Poly-truth, or the limits of pluralism Popular debates on conspiracy theories in a post-truth era
By Jaron Harambam (University of Amsterdam), Kamile Grusauskaite (KU Leuven) and Lars de Wildt (KU Leuven)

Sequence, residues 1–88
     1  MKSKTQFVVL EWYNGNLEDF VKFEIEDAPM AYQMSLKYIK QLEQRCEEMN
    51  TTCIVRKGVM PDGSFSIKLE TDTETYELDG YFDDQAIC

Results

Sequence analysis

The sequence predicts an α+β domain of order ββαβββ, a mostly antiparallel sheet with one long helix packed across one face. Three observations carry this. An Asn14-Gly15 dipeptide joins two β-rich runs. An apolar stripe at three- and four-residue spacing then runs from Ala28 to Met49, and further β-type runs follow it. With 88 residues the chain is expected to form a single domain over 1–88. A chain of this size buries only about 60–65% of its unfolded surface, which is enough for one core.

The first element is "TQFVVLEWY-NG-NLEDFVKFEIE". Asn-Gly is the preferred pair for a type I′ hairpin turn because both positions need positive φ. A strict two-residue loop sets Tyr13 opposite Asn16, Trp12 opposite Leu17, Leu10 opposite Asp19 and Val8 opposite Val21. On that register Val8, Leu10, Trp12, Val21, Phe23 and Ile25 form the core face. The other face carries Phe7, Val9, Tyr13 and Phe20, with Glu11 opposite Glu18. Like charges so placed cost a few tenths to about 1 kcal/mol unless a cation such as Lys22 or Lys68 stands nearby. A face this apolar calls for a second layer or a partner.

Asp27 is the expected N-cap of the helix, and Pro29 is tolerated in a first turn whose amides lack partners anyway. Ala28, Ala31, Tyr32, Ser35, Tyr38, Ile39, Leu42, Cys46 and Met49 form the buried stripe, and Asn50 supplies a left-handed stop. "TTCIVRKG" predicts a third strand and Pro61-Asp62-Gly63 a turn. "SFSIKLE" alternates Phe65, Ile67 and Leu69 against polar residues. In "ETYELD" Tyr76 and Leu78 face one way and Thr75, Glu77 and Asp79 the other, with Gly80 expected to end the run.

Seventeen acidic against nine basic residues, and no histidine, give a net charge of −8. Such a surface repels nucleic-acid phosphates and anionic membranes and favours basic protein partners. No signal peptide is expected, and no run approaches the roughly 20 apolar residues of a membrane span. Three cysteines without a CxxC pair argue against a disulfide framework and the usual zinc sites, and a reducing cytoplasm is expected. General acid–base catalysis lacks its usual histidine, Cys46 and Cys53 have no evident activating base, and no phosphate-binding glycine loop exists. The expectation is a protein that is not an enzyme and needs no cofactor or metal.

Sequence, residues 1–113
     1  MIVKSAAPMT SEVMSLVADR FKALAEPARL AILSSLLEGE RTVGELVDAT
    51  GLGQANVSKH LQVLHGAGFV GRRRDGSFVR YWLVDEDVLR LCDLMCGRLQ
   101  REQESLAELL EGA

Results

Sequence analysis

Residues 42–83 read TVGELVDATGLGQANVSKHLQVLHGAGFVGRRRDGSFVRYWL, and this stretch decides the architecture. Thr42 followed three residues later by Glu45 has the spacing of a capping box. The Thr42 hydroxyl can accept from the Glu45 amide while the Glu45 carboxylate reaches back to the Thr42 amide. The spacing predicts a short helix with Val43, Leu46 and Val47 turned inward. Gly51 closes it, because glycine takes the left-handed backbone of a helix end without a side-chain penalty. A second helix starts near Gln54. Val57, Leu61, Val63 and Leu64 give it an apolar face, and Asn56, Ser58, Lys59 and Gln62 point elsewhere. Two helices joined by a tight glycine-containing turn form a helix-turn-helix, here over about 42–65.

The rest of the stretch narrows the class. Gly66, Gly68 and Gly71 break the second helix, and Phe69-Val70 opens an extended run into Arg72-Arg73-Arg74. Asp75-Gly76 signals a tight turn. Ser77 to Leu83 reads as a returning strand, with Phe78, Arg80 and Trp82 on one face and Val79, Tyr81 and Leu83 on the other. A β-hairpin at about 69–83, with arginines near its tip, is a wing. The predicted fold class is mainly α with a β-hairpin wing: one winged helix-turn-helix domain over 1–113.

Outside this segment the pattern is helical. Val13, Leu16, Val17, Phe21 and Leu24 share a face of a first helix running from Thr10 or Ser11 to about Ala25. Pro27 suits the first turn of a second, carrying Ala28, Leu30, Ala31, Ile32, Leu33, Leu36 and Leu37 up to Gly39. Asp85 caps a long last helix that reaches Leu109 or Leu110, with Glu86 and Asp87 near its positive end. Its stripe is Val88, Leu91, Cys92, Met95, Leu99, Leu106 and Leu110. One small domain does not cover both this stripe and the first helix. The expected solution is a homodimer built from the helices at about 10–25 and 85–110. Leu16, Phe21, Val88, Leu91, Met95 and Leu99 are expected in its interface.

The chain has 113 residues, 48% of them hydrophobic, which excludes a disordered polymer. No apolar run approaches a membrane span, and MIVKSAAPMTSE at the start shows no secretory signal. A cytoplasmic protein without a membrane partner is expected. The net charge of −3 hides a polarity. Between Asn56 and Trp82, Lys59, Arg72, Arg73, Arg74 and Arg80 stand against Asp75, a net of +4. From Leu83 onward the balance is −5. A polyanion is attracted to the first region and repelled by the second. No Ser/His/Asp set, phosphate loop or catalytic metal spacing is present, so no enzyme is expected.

Conspiracy theories are central to “post-truth” discussions. Official knowledge, backed by science, politics, and media, is distrusted by various people resorting to alternative (conspiratorial) explanations. While elite commentators lament the rise of such “untruths,” we know little of people’s everyday opinions on this topic, despite their societal ramifications. We therefore performed a qualitative content analysis of 522 comments under a Dutch newspaper article on conspiracy theories to study how ordinary people discuss post-truth matters. We found four main points of controversy: “habitus of distrust”; “who to involve in public debates”; “which ways of knowing to allow”; and “what is at stake?” The diverging opinions outline the limits of pluralism in a post-truth era, revealing tensions between technocratic and democratic ideals in society. We show that popular opinions on conspiracy theories embody more complexity and nuance than elite conceptions of post-truth allow for: they lay bare the multiple sociological dimensions of poly-truth.